An over 1000-head dairy farm in the largest watershed in the State of Michigan was designed to drain excess water to an agricultural ditch that flowed into a bayou and then to the primary river of the watershed, the Grand River. This farm was also of particular concern since a portion
is located in the 100-year floodplain and approximately 30 miles upstream of one of the State's primary beach resorts. The original farm was built prior to 1980 and has since undergone a number of changes. Similar to many farms constructed in the past, excess water generated at the
facility was looked at from a transport and disposal perspective and not from an environmental perspective. The farm is situated at the edge of a steep incline and was designed to channel water down the incline to an agricultural drain located at the bottom of the slope. A washroom utilized
by farm employees and a drain associated with cleaning nursery equipment discharged directly onto site soils at separate locations near the top of the slope. The farm also contained numerous areas where rainwater that ran toward the agricultural drain came into contact with nutrient rich material
including: silage storage areas, partially covered feed alleys, exercise lots, calf hutch areas, and livestock alleys. Finally, natural springs located along the slope added to the volume of water that needed to be transported offsite. Surface drains located throughout the facility collected
the majority of the runoff. Some of the flow was directed to a sedimentation/infiltration area prior to flowing down the slope and into the agricultural ditch. The remainder of the runoff captured by the surface drains flowed to a conduit located at the top of the incline and was severely
eroding the soils at the outlet. Due to sediment accumulation and the addition of impervious surfaces associated with facility expansion, the sedimentation/infiltration area was being short-circuited and runoff entering the agricultural ditch allegedly contained pollutants in excess of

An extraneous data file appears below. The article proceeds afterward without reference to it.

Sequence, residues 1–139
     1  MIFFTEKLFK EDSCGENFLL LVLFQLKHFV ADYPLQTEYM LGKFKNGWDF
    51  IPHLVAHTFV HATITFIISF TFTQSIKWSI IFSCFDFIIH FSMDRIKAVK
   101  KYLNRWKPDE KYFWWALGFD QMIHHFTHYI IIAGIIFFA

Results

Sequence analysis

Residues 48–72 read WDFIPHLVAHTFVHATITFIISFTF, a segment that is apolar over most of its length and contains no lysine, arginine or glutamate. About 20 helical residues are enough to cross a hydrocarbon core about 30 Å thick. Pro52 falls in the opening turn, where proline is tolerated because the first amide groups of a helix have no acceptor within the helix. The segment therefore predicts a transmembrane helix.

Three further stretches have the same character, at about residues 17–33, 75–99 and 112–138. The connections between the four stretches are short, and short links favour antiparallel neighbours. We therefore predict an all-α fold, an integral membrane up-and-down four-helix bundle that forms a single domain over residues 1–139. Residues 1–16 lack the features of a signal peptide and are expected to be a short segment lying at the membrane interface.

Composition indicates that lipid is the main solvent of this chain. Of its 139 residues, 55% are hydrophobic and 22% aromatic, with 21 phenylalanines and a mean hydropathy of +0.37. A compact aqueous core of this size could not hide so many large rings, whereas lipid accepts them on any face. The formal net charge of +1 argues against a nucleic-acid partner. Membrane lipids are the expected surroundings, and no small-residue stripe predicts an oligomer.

State standards. As a result of the alleged “release” and in the anticipation of new State discharge requirements, the farm was retrofitted so that any form of “dirty” surface water discharge could be eliminated: the washroom and nursery sinks were connected to a
new septic system, the storm water runoff pathways were mapped, separated, and designated as “dirty” storm water and “clean” storm water, and a clay lined “dirty” storm water retention pond was constructed in conformance with NRCS standards and replaced
the separation/filtration area. The pond was designed to store rainfall runoff resulting from precipitation generated during the winter months, plus the runoff generated from a 25-year, 24-hour storm event. The “dirty” storm water is now used to hydrate manure in the pits under
the freestalls and the excess is applied onto nearby fields via two center pivot systems. Also, an unlined “clean” storm water detention pond was constructed to store runoff from a 5-year, 24-hour storm event and a riprapped spillway for the “clean” storm water detention
pond was designed for circumstances when the design storm event was exceeded. The area around a natural spring that was located in an exercise lot was tiled and the flow was channeled, via a solid tile, north towards the agricultural ditch. The agricultural ditch was filled and a drain tile
was installed to facilitate infiltration so overland/channelized flow could be avoided. In addition to the above mentioned tasks and since the majority of the earthwork took place in the 100-year floodplain of the Grand River, permits had to be obtained from the State and local authorities. These
changes were completed by the end of November 2001. However, keeping the “clean” storm water runoff from contacting/transporting nutrient rich material has proved operational problematic. In 2003 the operator directed us to prepare a plan to combine the ponds into one so that
all storm water runoff will be managed through irrigation. The new pond was completed in 2003.
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